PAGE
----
This spring Bombas took to transit advertising, including liveboards and Digital Urban Panels, as well as traditional billboards, to raise awareness of a critically important issue: homelessness.
"If you've been following Bombas since the beginning, since their Shark Tank days, they have always been about more about getting people in need socks. Selling their socks so they could give away socks has always been their mission," said Glick. "But with this new campaign, I love that they're not just talking about what homeless people need, but why they're homeless. Like maybe it's about who they love and their families kicking them out."
But moving copy lines aren't all that powered this campaign. "Part of its effectiveness is also just being paired with street level assets to help drive home the messaging. It blends reality and emotion," explained Martinez. "They're highlighting a real issue with measurable stats that are easy to digest, that connect to the heart and the situation. Like, how many homeless New Yorkers are often working two jobs or go months without ever hearing their name. I think it's all great, genius copy that is real and grounded, in a way for the average passerby to be able to understand and relate to and sympathize for."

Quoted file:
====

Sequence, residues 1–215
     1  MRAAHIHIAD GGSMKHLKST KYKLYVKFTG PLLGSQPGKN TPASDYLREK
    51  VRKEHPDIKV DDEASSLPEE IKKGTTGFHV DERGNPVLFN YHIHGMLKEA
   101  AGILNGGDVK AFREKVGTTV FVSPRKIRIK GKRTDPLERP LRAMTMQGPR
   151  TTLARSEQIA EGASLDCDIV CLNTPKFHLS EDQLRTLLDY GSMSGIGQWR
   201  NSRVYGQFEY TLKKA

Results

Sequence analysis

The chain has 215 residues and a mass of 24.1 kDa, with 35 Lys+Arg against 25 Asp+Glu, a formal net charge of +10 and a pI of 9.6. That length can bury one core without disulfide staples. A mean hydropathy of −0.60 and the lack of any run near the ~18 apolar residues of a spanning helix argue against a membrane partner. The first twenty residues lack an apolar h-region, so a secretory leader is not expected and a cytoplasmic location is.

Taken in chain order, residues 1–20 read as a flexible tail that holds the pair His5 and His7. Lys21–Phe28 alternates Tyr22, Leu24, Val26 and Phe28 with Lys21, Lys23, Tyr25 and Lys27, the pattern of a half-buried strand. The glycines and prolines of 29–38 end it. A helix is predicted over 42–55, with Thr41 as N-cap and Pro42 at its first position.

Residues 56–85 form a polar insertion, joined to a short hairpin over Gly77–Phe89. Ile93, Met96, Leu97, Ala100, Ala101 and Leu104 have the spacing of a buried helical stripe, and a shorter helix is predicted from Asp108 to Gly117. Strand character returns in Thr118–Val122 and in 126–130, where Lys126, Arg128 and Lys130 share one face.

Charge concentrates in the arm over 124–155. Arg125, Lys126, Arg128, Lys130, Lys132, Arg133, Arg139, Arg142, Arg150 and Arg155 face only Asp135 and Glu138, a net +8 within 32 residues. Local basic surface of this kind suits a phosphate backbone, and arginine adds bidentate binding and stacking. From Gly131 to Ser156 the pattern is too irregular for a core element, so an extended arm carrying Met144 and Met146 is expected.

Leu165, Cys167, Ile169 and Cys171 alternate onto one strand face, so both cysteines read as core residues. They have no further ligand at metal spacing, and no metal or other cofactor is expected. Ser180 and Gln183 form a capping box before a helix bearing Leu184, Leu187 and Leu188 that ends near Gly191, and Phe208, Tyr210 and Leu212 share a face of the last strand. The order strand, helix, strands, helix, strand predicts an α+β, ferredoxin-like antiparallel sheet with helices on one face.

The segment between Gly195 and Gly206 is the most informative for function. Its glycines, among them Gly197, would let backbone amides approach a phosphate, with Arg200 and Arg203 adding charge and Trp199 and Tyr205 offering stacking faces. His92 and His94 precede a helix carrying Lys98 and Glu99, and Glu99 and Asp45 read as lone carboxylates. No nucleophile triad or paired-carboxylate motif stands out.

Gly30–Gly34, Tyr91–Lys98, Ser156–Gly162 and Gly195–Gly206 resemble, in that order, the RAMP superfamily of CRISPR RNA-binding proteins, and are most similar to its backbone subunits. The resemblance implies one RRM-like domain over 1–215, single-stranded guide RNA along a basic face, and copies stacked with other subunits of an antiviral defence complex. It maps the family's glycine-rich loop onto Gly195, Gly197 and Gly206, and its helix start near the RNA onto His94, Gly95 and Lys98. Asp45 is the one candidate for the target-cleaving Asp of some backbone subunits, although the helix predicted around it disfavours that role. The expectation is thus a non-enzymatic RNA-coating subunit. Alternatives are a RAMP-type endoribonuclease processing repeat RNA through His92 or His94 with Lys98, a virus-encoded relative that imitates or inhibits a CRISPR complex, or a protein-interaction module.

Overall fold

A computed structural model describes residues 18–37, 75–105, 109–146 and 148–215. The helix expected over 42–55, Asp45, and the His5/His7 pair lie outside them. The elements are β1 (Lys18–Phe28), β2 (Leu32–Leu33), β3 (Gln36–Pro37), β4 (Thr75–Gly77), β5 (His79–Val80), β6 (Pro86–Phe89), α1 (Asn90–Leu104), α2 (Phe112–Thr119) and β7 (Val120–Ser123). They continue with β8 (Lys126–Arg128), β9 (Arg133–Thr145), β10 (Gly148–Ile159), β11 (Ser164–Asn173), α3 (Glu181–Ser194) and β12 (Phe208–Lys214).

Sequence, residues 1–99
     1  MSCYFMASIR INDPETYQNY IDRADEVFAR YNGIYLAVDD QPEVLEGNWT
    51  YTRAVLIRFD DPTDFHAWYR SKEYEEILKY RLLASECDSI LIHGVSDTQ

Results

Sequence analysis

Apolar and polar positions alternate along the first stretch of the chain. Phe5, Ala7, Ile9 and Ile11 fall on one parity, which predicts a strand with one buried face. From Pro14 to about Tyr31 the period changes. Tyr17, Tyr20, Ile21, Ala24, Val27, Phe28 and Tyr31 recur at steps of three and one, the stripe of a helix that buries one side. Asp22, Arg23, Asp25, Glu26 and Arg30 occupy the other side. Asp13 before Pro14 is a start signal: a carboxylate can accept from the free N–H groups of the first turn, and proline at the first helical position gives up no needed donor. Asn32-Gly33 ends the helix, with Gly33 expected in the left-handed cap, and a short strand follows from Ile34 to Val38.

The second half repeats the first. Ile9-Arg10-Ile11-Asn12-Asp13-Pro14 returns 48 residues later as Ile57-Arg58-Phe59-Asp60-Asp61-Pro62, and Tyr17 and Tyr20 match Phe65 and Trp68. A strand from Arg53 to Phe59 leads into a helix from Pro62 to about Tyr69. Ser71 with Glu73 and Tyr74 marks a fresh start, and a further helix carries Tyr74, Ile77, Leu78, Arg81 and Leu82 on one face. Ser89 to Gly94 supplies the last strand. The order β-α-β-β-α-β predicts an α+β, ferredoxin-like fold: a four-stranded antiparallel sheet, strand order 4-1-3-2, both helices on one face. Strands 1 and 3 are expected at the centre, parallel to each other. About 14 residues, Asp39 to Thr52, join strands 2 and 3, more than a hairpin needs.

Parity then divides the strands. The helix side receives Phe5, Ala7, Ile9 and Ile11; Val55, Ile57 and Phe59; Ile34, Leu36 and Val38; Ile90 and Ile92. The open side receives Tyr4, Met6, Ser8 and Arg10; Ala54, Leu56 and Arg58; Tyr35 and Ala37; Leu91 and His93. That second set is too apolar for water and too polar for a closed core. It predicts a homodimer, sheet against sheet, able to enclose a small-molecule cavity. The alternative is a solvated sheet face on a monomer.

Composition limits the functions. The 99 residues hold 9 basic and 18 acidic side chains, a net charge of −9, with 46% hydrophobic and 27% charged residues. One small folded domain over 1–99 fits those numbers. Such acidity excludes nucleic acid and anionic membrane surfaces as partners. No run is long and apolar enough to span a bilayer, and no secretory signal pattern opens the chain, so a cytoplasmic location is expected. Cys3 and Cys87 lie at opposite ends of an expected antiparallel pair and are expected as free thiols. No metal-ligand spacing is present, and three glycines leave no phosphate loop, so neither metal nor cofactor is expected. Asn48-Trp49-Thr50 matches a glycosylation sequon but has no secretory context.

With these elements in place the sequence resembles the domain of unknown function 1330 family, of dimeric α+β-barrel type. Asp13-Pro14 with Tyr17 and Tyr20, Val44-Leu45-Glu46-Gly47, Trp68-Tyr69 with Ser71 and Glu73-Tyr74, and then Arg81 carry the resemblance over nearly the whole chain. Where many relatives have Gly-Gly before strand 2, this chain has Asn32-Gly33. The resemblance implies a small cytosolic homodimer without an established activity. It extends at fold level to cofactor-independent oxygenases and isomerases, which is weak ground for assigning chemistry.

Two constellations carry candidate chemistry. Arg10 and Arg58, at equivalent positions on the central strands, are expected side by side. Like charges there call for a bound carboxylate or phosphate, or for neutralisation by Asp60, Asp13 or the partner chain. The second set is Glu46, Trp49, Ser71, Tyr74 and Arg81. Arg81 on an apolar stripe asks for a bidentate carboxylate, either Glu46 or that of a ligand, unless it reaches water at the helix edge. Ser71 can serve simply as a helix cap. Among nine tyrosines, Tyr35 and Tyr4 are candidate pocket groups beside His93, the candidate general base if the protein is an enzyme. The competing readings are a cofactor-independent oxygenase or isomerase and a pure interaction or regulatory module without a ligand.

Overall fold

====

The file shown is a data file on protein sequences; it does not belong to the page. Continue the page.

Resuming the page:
There's an inherent difference between getting someone to buy something and getting someone to feel something. So how does out of home creative reflect that?
Martinez emphasized the importance of the call to action. "I think it comes down to how human you can make it feel. With the goal of sales, there's CTAs tailored to making you want something. But the human nature CTA has to really speak to the heart."
One of the campaigns that Izzy designed was for the Orange County Animal Shelter. What made that one work? "They speak a language that calls out the main ways people are able to help out with the shelter, in a language that resonates with animal lovers all across Orlando."
"They do feel like a PSA, but they're actually not," added Glick. "They let us really dive in deep to get to the heart of their audience and who's adopting their animals." After all, even a purpose-driven campaign starts with understanding who you're trying to reach. "In the end what happened all the way through the campaign was of the pets we've shown, 99% of the time those pets have been adopted."